Rampal thermal plant will destroy the Sundarbans: Prof Anu Muhammad
Anu Muhammad, a professor of Economics at the Jahangirnagar University in Bangladesh, is regarded as one of the seniormost radical public intellectuals in his country. Professor Muhammad is also the member secretary of the National Committee to Protect Oil, Gas, Mineral Resources, Power and Ports. He was in India recently, seeking the support of people in India against a proposed power project in the vicinity of the Sundarbans, the already endangered world’s largest mangrove forests.
Locally known as Rampal power project, a joint venture between India and Bangladesh, it has created tremendous resentment in the affected areas. In a chat with Nidheesh J. Villatt, Professor Muhammad says the project will destroy the Sundarbans. He says Indian and Bangladeshi big business would make a huge profit at the cost of the camaraderie between the people of two countries.
Nidheesh J. Villatt: Why are the people of Bangladesh vehemently opposing the Rampal power project?
Prof. Anu Muhammad: The Rampal power project, officially known as the Maitree Super Thermal Power Project, is a joint venture between the NTPC of India and the BPDB of Bangladesh. It’s proposed in the vicinity of the Sundarbans. As several studies by international (including a UNESCO study) and local experts pointed out, this project would permanently damage the Sundarbans, the world’s largest mangrove forest as well as the only protection barrage of the southern part of Bangladesh.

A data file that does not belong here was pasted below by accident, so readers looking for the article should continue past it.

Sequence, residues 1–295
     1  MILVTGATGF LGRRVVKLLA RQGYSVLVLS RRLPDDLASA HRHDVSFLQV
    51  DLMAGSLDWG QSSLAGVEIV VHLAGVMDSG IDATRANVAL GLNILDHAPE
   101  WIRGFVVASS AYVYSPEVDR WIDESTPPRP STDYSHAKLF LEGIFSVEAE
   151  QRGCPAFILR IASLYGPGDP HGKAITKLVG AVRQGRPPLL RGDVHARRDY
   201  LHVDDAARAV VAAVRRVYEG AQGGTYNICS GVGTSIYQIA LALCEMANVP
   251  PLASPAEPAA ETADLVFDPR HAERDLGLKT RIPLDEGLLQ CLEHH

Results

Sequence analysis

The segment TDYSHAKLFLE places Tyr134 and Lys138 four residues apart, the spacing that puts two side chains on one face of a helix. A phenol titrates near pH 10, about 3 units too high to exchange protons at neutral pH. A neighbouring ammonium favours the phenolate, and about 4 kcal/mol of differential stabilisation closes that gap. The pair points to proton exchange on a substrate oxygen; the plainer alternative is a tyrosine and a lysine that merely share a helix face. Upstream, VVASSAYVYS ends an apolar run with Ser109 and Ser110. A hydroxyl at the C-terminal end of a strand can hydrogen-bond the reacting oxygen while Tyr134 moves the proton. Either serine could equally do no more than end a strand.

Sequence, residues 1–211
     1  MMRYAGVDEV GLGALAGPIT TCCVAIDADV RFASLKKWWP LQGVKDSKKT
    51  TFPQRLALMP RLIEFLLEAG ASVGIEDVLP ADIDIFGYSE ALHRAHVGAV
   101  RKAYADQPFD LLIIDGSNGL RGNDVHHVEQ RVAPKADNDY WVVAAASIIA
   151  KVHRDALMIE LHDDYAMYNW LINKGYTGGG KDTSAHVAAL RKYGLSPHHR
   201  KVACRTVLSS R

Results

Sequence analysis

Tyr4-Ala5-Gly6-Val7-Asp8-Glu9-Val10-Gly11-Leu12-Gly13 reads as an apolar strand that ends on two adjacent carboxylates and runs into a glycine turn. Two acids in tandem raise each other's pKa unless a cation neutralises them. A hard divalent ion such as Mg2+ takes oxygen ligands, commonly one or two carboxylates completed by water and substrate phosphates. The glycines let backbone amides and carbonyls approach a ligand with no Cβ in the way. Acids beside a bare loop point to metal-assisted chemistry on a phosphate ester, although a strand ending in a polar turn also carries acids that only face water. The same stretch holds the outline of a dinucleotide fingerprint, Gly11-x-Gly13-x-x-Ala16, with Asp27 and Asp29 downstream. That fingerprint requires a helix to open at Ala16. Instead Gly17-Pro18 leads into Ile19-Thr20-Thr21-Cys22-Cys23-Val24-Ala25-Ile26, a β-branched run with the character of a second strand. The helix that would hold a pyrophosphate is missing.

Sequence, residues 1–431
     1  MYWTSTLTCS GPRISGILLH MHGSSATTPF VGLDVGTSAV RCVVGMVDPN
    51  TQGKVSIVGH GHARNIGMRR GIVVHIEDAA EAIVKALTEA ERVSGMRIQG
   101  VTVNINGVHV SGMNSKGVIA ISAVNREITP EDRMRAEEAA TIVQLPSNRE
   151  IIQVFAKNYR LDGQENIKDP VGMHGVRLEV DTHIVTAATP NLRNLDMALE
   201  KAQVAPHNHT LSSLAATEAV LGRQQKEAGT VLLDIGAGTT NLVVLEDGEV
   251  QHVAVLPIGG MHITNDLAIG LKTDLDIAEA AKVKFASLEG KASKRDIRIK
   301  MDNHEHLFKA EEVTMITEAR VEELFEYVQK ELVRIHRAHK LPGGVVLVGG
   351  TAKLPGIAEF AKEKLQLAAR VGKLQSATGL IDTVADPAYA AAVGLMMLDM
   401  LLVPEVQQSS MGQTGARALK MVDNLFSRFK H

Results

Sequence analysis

To be honest, Sunderbans is the last forest left out in Bangladesh. Authorities would say there are forests in other regions of Bangladesh like the Chittagong Hill Tracts. In reality forests in those regions exist only in paper. Massive encroachment by corporates has vanished forests.
Around 3 to 4 million people in Bangladesh, traditional forest-dwellers and fishworkers depend on the Sundarbans for their livelihood. The proposed coal fired plant can ruin their livelihood. Add to this, 5 million people who live in the vicinity of the Indian portion of the Sundarbans. It’s going to generate a big crisis.
Coming back to the struggle in Bangladesh, it’s growing into a massive movement. One could say it’s an unparalleled struggle in the contemporary history of Bangladesh. Soon after the announcement about the Rampal project, there was a flourishing of commercial activities in the surrounding area. There are well-planned attempts to buy off land from the peasantry in these regions.
People of Bangladesh have great gratitude to India for playing an important role in our liberation war in 1971. But some of the recent actions from Indian side are alienating Bangladeshi people from India. For instance, construction of Farakka dam, other upcoming dam projects, unfair trade agreements and loan terms etc are creating resentment against India. The announcement of Rampal project has accelerated this ill feeling. This is primarily because this project can permanently damage the Sundarbans. This can also permanently damage the Indo-Bangladesh friendship.
Villatt: Can you tell us more about the political mobilisation that’s happening in Bangladesh against the project?
Muhammad: Apart from Bangladeshi big business and close collaborators of the ruling dispensation led by Awami League, all sections of people are opposing the project. Physical participation in the struggle is awesome. Cutting across age groups, people actually participate in the movement. There are several student and youth movements which were spontaneously formed to support the movement. People use all forms communication strategies to register their protest including theatre and poetry. Social media is also creatively used.